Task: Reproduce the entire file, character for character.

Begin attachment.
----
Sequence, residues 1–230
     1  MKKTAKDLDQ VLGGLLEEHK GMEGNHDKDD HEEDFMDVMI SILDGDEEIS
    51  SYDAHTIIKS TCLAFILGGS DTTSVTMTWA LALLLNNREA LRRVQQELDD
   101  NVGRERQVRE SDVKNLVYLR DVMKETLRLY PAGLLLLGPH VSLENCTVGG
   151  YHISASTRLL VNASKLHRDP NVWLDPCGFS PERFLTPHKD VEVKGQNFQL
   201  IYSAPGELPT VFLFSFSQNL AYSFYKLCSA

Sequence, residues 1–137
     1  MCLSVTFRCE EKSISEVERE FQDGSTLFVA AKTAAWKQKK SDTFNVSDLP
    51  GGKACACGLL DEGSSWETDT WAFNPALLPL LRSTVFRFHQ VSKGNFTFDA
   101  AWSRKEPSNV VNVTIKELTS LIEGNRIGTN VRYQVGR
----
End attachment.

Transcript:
Sequence, residues 1–230
     1  MKKTAKDLDQ VLGGLLEEHK GMEGNHDKDD HEEDFMDVMI SILDGDEEIS
    51  SYDAHTIIKS TCLAFILGGS DTTSVTMTWA LALLLNNREA LRRVQQELDD
   101  NVGRERQVRE SDVKNLVYLR DVMKETLRLY PAGLLLLGPH VSLENCTVGG
   151  YHISASTRLL VNASKLHRDP NVWLDPCGFS PERFLTPHKD VEVKGQNFQL
   201  IYSAPGELPT VFLFSFSQNL AYSFYKLCSA

Sequence, residues 1–137
     1  MCLSVTFRCE EKSISEVERE FQDGSTLFVA AKTAAWKQKK SDTFNVSDLP
    51  GGKACACGLL DEGSSWETDT WAFNPALLPL LRSTVFRFHQ VSKGNFTFDA
   101  AWSRKEPSNV VNVTIKELTS LIEGNRIGTN VRYQVGR